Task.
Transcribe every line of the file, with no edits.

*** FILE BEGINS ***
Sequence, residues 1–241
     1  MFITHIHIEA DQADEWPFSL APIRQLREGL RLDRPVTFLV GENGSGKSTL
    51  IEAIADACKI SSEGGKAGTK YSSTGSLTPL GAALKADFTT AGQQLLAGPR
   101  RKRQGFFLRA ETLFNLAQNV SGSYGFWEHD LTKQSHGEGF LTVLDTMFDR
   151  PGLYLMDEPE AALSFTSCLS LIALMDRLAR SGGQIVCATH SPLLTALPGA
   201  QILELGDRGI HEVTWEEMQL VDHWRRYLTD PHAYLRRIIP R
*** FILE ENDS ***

Sequence, residues 1–241
     1  MFITHIHIEA DQADEWPFSL APIRQLREGL RLDRPVTFLV GENGSGKSTL
    51  IEAIADACKI SSEGGKAGTK YSSTGSLTPL GAALKADFTT AGQQLLAGPR
   101  RKRQGFFLRA ETLFNLAQNV SGSYGFWEHD LTKQSHGEGF LTVLDTMFDR
   151  PGLYLMDEPE AALSFTSCLS LIALMDRLAR SGGQIVCATH SPLLTALPGA
   201  QILELGDRGI HEVTWEEMQL VDHWRRYLTD PHAYLRRIIP R